With George Lepauw’s traversal of Bach’s Well-Tempered Clavier, the Elacs didn’t create as big a soundstage as the Sennheiser did with Ambeo processing enabled, yet the Elacs sounded truer. There was more reverberation through the Ambeo, but it sounded a bit artificial compared to the Elacs. Through the latter I had a much better sense that Lepauw was playing a big Steinway -- piano tone was fuller and more authoritative. The Elacs also more clearly reproduced the pianist’s touch and pedaling, letting me more fully appreciate his approach to these pieces.
Worth noting: The NAD-Elac system costs 2.5 times as much as the Ambeo. And while my system is fairly room-friendly, it’s not a one-piece solution.
At $2499.95, the Ambeo is the most expensive soundbar on the planet. I asked Sennheiser what led them to believe there was an appetite for such a product. Their reply: “We have watched consumers moving from full-fledged home-cinema systems into more simple and reduced soundbars. . . . Consumers hate complexity -- wires, etc. They are willing to compromise from an acoustics point-of-view, but only to a limited degree. We identified an area in which our premium customers had not yet found a product. This area sits between low complexity and a great hi-fi Dolby Atmos sound experience.”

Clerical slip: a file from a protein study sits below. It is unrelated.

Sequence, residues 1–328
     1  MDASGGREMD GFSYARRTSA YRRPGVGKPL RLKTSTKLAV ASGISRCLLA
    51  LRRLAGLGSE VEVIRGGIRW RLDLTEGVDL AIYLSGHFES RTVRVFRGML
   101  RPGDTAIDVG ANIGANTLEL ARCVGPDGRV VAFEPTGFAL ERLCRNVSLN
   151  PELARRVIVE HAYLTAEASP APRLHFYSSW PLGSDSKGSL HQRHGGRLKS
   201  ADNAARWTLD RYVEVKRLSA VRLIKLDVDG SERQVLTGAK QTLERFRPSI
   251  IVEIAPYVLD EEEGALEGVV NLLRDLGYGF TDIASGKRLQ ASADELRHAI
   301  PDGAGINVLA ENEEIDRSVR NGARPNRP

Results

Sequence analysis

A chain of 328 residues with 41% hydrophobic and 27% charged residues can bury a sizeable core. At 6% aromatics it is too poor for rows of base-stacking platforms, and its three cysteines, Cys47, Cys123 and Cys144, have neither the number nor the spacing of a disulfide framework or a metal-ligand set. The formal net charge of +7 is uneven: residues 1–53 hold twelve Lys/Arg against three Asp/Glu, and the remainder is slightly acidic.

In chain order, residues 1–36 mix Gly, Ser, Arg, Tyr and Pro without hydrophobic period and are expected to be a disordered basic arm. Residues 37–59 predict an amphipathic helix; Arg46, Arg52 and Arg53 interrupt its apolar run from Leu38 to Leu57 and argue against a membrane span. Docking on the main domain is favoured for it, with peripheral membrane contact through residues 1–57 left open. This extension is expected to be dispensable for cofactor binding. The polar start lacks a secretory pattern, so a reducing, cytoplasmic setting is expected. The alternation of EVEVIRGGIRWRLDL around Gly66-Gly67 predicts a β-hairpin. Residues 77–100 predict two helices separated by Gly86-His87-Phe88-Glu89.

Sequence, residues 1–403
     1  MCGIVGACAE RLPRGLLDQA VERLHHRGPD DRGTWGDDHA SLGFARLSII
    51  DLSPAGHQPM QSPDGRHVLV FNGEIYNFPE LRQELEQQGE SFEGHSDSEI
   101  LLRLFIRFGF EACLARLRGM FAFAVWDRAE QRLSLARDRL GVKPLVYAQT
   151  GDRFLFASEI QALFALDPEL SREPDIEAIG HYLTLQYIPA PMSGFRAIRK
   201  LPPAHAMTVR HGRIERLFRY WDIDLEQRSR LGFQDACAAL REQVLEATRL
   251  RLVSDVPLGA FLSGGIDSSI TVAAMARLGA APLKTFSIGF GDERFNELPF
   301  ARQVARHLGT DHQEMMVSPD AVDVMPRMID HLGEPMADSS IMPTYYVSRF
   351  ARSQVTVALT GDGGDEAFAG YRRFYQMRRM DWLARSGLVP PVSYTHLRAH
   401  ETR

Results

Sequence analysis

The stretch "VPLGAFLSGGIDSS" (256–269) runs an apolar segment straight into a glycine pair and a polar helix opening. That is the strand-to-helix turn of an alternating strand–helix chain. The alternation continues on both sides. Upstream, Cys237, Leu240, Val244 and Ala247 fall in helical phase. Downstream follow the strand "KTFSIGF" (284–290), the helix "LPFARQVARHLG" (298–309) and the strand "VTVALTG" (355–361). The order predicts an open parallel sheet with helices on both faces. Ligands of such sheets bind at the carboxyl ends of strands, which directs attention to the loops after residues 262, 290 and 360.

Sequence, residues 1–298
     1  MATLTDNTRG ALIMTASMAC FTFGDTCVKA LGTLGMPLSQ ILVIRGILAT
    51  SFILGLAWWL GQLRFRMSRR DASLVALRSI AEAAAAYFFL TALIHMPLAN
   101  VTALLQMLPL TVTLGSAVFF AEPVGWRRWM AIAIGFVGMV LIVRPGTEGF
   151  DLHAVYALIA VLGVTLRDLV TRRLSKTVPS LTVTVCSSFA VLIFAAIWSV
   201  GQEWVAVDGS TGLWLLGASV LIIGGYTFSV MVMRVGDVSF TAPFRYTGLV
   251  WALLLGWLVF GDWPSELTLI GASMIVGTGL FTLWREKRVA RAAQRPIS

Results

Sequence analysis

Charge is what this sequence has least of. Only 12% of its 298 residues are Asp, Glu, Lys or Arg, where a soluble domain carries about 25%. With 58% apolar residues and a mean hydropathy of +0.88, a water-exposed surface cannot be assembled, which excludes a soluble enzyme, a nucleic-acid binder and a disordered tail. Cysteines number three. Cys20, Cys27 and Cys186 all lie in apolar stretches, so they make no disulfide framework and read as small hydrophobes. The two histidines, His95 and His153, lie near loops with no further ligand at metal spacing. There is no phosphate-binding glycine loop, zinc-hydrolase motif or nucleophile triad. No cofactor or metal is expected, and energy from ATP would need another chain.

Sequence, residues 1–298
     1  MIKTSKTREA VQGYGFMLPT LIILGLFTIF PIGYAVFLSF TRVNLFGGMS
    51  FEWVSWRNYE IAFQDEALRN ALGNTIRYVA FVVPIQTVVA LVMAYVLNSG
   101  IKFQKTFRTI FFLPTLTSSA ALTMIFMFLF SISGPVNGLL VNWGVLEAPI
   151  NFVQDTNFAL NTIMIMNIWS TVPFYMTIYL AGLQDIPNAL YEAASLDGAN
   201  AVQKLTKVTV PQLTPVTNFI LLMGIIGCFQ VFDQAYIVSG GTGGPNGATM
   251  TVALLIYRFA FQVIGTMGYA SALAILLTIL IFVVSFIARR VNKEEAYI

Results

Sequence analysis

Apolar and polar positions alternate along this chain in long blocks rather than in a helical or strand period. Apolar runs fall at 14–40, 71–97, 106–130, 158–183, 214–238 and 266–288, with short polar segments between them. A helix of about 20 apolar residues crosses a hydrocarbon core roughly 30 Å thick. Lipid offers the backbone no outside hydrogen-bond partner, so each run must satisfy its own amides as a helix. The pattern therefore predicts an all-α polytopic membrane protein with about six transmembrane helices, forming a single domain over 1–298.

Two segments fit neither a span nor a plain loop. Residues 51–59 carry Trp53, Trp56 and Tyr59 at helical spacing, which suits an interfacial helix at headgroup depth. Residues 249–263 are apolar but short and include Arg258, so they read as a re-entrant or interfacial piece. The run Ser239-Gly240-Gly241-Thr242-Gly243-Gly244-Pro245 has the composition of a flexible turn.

SoundStage! has an Instagram feed on which we post photos of products we’re about to review. Recently, when we posted an image of the Ambeo set up on my living-room mantle, someone posted this comment: “I think it is insanity to pay $2500 USD for a soundbar.”
Is it? Lots of movie lovers live in homes where the notion of a full-blown Atmos system is completely crazy, yet they yearn for immersive, high-fidelity surround sound. And they want a system that performs well with music as well as movies. You can’t get that from a regular soundbar. You can with Sennheiser’s Ambeo.
. . . Gordon Brockhouse
- Display -- Samsung UN55LS003 55” The Frame UHD TV
- Sources -- Apple TV 4K, Samsung UMB-M7500 Ultra HD BD player, Apple Mac Mini computer running Roon Core 1.7, LG G7 ThinQ smartphone
- Active speakers -- Elac Navis ARF-51
- Streaming DAC-preamp -- NAD Classic C 658
- Control devices -- Apple iPad Mini 3, LG G7 ThinQ smartphone
- Network -- Google Wifi three-node mesh network
Sennheiser Ambeo Soundbar
Price: $2499.95 USD.
Warranty: Two years repair or replacement.
Sennheiser Electronic Corporation
1 Enterprise Drive
Old Lyme, CT 06371
Phone: (800) 736-6434